Health and Nutrition

Insulin resistance PCOS

insulin resistance PCOS

What is insulin resistant PCOS?

PCOS is a complex metabolic and hormonal condition. ‘Polycystic’ literally translates to ‘many cysts’. This refers to there being many partially formed follicles on the ovaries (visible by ultrasound), which each contain an egg. These rarely grow to maturity or produce eggs that can be fertilised.

Types of PCOS

  • Insulin resistance PCOS
  • Post pill PCOS
  • Inflammatory PCOS
  • Adrenal PCOS

In this blog post i’m going to talk about insulin resistance PCOS, as it is the most common type of PCOS. Women with insulin resistance PCOS have high levels of insulin, often resulting from a combination of genetic, diet and lifestyle factors. When insulin rises, so do androgens (male sex hormone testosterone). Too much insulin stimulates your pituitary to make more luteinising hormone (LH), which stimulates even more androgens. All women have testosterone, but too much can throw things out of whack.

Symptoms differ from woman to woman. It is important to get an early diagnosis because PCOS can lead to type 2 diabetes, infertility, heart disease, high blood pressure and breast cancer.

Symptoms of insulin resistance PCOS

  • Male pattern baldness
  • Facial hair (known as hirsutism)
  • Abnormal / irregular periods
  • Absent periods
  • Ovarian cysts
  • Heavy or prolonged periods
  • Infertility
  • Weight gain
  • Menstrual pain
  • Fluid retention
  • Darkening of the skin
  • Fatigue
  • Mood swings/ depression and or low mood
  • Acne not associated with puberty
  • Poor sleep
  • Digestive concerns
  • Pelvic pain (throughout and in between menstruation)

 

Dietary support for PCOS – After all, all health begins with the gut right?

Eliminate sugar & simple carbs
Consuming less sugar will support your body’s insulin response. Reduced insulin levels reduce male sex hormone levels (testosterone). This means cutting back on all sugar and processed sugary foods from your diet. You will also need to minimise your fruit intake to one serves per day of low GI fruits such as berries. This doesn’t mean you can’t enjoy a treat every now and then, it’s about owning your condition and being honest with yourself.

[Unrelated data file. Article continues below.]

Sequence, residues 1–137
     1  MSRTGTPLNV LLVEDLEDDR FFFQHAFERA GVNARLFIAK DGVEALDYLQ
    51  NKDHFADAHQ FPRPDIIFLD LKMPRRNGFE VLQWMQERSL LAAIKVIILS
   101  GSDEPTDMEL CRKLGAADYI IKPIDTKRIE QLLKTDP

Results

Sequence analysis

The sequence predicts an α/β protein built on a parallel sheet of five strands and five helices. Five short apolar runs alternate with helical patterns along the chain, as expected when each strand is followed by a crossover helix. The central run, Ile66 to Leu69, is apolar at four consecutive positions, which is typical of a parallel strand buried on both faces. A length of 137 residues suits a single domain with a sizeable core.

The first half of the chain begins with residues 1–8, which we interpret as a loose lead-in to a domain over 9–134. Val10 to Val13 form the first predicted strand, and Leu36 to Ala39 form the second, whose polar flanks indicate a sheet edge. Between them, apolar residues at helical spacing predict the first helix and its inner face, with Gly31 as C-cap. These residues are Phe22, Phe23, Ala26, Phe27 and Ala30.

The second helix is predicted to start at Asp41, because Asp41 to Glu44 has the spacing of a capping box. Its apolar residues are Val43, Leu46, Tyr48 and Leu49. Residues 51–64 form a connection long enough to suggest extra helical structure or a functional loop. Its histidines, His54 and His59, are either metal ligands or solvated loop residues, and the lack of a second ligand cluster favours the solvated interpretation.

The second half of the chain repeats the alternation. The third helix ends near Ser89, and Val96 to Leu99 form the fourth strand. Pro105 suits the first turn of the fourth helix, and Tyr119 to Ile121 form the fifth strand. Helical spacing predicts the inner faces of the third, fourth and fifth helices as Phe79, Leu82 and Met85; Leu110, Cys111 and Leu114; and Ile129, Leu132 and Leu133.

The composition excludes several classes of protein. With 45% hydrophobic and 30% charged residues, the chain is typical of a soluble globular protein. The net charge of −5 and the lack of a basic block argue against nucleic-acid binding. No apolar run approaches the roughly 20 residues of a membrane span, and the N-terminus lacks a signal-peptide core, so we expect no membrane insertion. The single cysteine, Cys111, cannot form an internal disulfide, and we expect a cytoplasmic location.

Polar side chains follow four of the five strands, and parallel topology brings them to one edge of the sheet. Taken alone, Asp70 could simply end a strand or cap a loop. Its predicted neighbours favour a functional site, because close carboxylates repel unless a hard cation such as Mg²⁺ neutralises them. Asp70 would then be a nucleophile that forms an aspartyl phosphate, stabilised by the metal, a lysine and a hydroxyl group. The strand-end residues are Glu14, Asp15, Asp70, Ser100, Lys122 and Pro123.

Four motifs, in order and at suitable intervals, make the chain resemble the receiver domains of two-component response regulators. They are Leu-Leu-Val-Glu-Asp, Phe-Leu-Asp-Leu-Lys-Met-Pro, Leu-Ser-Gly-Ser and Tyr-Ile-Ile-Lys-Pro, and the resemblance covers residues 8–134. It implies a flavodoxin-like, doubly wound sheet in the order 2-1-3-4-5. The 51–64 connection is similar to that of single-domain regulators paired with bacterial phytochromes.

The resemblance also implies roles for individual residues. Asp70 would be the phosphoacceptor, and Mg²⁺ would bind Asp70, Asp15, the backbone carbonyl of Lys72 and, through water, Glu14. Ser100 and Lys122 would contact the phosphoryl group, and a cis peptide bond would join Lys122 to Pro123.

Tips to cut back on sugar

  • Make sure you get enough sleep.
  • Eat every 3 to 5 hours to reduce sugar cravings.
  • Have sufficient protein & good fats with each meal – this will help you feel fuller for longer.
  • Drink cinnamon tea daily, it may help stabilise blood sugar levels and reduce sugar cravings.
  • Magnesium is involved with the regulation of glucose, insulin and the neurotransmitter dopamine. If you don’t have enough magnesium in your diet, you may experience cravings for chocolate and sugar .
  • Gymnema is a common herb used in traditional Ayurvedic medicine and has been called the herbal form of Metformin. It regulates insulin levels while controlling sugar or carbohydrate cravings. Gymnema actually numbs the sweet taste areas of the taste buds which helps suppress appetite.

Eat more good fats
Good fats will keep you fuller for longer, balance blood sugar levels, and help regulate your hormones. Include olive oil, coconut oil, MCT oil, ghee, tahini, avocado, nuts and seeds to your diet.

Eliminate dairy and soy
Studies have shown that eliminating or reducing dairy can help reduce period pain and acne related to PCOS. Opt for nut mylks such as almond, coconut, macadamia or hemp alternatives.

Soy contains phytoestrogens (plant oestrogen) and can mimic the functions of your natural oestrogens, disrupting hormonal balance. Soy is also considered as an anti-nutrient (blocking the absorption of other essential nutrients) and may block thyroid production.

Avoid inflammatory foods